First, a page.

How to Train Your Dragon is another highly enjoyable animated movie by Dreamworks. This one features a young boy named Hiccup, whose destiny it will be to forever change the relationship between the people of his village and the local pests - which just happen to be dragons...
Living on a small island beset by various kinds of dragon, the Vikings of that village are tough - really tough, especially Stoick (Gerard Butler) - ultra-heroic warrior, village chief - and Hiccup's father. Hiccup (Jay Baruchel) just isn't cut out to be a warrior, though he's going to give it a real try... in case you were wondering, the Vikings give their children hideous names in the hope that it will scare enemies. Hiccup, we are told, is not actually among the worst names... (Snotlout, Astrid, Fishlegs and the twins Tuffnut and Ruffnut are his fellow trainees.)
While Hiccup enrols in dragon-bashing school under the tutelage of Gobber (Craig Fergusson), he's also secretly befriending a dragon that he managed to immobilise for a time, but found that he just couldn't kill. The scenes between Hiccup and the dragon as they slowly gain each others' trust are wonderful; the rest of the film, good though it is, never really matches the sheer pleasure of watching these scenes. There are a variety of dragons on display here, a pretty diverse range, which makes things more interesting - they all have their own unique talents as well as appearances. The personality of the dragon who ends up befriending Hiccup seems to have been styled on a cat, which actually works quite well.
The main bulk of the film, involving Hiccup's training, strained relationship with his father, love affair with the irritating tough girl (in this cast Astrid, voiced by America Ferrera), the big battle at the end etc is all nicely enough handled, though a bit too cliché and full of stereotypes for adults watching. There's a slight over-reliance on slapstick as well for my liking, but on the whole a good balance is maintained to keep How to Train Your Dragon an appealing movie for both children and adults. The themes of tolerance between species and accepting people who don't fit the perceived ideal come across well without being preachy or patronising.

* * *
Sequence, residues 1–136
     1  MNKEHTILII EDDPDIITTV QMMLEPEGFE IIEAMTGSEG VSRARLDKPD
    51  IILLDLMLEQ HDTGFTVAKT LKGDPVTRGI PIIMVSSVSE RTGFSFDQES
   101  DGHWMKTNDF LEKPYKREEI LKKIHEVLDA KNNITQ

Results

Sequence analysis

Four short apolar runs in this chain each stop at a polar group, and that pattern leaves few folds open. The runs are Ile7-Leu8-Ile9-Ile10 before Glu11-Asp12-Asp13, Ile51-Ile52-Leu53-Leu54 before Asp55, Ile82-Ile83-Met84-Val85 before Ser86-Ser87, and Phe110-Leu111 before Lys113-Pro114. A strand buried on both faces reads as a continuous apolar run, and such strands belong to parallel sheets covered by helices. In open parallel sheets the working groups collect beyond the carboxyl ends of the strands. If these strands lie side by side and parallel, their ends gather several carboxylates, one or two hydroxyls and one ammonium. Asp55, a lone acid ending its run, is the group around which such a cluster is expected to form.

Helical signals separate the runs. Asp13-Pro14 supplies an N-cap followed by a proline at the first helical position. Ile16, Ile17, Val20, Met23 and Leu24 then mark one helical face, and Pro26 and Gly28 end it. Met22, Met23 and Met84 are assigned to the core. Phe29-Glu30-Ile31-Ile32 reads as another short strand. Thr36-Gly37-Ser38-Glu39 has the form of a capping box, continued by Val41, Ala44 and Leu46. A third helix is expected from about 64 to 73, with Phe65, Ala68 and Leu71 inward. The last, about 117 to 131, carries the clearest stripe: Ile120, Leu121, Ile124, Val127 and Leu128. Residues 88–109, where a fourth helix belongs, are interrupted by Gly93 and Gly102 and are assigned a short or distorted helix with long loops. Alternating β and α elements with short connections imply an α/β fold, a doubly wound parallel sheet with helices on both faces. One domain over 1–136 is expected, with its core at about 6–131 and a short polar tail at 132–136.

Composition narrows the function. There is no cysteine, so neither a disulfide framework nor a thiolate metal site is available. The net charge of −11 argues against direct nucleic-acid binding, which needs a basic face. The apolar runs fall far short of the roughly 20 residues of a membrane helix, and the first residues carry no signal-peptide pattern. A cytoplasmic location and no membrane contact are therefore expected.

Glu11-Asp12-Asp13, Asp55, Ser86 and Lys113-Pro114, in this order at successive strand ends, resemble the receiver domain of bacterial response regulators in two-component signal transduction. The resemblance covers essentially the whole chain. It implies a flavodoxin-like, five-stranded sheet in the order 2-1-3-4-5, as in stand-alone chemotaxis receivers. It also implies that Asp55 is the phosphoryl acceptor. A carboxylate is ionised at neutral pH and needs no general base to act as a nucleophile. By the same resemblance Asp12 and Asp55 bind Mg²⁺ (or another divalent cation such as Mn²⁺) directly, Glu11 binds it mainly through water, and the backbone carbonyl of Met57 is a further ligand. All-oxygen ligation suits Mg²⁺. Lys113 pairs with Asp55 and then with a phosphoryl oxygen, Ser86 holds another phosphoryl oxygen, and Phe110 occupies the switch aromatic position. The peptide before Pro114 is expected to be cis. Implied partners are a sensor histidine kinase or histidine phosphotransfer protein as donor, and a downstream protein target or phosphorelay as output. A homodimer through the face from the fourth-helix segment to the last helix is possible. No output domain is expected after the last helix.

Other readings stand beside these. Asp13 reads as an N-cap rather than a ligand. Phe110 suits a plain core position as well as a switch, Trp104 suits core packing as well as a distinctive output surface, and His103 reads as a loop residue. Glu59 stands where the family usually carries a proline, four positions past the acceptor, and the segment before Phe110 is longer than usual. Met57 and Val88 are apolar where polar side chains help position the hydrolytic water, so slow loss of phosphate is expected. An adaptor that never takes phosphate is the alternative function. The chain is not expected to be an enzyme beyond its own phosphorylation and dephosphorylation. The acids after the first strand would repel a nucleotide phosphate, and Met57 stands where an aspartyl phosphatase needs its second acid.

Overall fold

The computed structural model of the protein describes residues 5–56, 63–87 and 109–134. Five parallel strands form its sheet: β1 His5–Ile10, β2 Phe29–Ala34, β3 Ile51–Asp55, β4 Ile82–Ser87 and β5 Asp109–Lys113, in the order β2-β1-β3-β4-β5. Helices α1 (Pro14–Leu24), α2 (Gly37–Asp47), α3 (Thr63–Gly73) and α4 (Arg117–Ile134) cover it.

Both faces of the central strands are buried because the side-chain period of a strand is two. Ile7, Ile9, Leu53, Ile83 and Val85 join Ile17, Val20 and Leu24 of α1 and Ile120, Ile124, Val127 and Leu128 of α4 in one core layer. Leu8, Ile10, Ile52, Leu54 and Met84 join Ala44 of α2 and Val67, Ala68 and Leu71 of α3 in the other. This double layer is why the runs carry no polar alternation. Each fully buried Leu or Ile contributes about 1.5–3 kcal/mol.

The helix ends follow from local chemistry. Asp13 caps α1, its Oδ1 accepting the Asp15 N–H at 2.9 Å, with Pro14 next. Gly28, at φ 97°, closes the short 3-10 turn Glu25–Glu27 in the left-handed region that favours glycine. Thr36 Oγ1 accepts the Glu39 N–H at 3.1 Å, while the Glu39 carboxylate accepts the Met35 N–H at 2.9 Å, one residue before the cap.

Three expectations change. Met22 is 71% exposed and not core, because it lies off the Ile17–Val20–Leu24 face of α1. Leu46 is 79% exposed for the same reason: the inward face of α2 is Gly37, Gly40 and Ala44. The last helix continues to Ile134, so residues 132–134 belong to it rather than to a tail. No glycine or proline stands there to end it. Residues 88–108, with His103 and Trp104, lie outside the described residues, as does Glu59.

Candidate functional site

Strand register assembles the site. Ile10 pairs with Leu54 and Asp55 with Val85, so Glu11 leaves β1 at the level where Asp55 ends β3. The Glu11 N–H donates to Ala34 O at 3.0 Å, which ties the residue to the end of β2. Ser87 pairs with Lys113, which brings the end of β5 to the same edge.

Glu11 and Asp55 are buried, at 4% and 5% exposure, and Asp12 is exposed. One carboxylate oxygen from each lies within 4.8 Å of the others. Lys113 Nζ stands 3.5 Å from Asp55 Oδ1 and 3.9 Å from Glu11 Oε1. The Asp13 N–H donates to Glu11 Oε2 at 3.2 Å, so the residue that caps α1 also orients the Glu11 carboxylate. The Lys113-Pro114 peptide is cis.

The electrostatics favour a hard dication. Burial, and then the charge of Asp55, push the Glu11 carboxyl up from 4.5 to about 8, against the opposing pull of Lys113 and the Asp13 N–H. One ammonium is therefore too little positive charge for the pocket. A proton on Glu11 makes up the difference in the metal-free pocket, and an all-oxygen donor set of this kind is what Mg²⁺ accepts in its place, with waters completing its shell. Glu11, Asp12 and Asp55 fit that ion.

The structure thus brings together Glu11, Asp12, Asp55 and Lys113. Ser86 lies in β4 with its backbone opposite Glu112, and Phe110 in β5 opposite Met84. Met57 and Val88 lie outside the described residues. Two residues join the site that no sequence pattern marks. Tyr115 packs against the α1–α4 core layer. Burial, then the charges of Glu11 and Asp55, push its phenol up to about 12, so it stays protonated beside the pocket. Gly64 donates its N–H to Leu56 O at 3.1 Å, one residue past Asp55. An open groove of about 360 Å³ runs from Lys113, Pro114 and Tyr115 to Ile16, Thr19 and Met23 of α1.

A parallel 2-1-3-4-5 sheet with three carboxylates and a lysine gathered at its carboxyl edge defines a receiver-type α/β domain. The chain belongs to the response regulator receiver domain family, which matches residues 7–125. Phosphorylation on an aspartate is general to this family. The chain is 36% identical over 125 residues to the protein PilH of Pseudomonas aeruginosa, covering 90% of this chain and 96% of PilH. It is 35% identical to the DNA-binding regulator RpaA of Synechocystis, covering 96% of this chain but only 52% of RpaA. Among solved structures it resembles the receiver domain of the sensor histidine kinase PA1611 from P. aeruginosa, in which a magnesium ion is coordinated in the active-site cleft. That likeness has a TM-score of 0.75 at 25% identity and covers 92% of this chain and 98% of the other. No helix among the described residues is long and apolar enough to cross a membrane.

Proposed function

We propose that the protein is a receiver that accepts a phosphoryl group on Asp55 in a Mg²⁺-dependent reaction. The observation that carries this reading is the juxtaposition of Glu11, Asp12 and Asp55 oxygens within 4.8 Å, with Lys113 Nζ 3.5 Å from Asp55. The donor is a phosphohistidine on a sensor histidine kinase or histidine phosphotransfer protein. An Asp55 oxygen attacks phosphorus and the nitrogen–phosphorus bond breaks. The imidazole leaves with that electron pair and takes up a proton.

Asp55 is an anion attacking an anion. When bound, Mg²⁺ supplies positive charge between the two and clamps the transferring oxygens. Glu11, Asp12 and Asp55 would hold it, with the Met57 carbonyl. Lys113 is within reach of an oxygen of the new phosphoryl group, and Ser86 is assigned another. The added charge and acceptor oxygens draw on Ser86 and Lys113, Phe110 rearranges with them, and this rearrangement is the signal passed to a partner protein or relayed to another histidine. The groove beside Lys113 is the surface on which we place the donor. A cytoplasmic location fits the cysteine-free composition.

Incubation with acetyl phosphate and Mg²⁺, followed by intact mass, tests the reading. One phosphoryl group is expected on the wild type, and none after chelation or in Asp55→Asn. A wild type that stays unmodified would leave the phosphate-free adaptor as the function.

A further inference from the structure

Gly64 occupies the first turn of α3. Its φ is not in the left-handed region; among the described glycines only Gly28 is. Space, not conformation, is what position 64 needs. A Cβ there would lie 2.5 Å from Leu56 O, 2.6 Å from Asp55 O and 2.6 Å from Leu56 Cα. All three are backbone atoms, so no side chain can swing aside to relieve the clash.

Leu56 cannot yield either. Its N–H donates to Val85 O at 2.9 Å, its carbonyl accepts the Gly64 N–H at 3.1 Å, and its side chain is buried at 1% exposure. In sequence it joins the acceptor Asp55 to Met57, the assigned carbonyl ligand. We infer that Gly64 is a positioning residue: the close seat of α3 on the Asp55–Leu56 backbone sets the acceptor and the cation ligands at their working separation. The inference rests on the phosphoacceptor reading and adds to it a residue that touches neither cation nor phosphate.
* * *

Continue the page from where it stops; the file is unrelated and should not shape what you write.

I didn't bother watching it in 3D - I've come to the conclusion that it's a waste of money after watching several 3D movies last year and being unimpressed by most of them. The visuals are superb, as you'd expect from Dreamworks - the only slight issue I had was that in some scenes the backgrounds appeared just too static, but on the whole everything looks fantastic, plenty of detail in both characters and backgrounds, and great animation. John Powell's music score was terrific too - sweepingly majestic and skittishly comical as the scene demanded. Oh, and the voice acting is excellent throughout.
Overall I thoroughly enjoyed How to Train Your Dragon. Perhaps the stories of father-child relationships and a loner's path to redemption are a bit too well travelled; certainly this movie won't win any awards for plot originality, but it tells its tale well, looks great, is charming and amusing, and the main plot twist isn't obvious. A very nice animated movie, whatever age you are.
The introductory narration:
This is Berk. It's twelve days north of Hopeless and a few degrees south of Freezing to Death. It's located solidly on the Meridian of Misery. My village. In a word? Sturdy, and it's been here for seven generations, but every single building is new. We have fishing, hunting, and a charming view of the sunset. The only problems are the pests. You see, most places have mice or mosquitoes. We have... dragons.
CaptainD - Movie Reviews Blog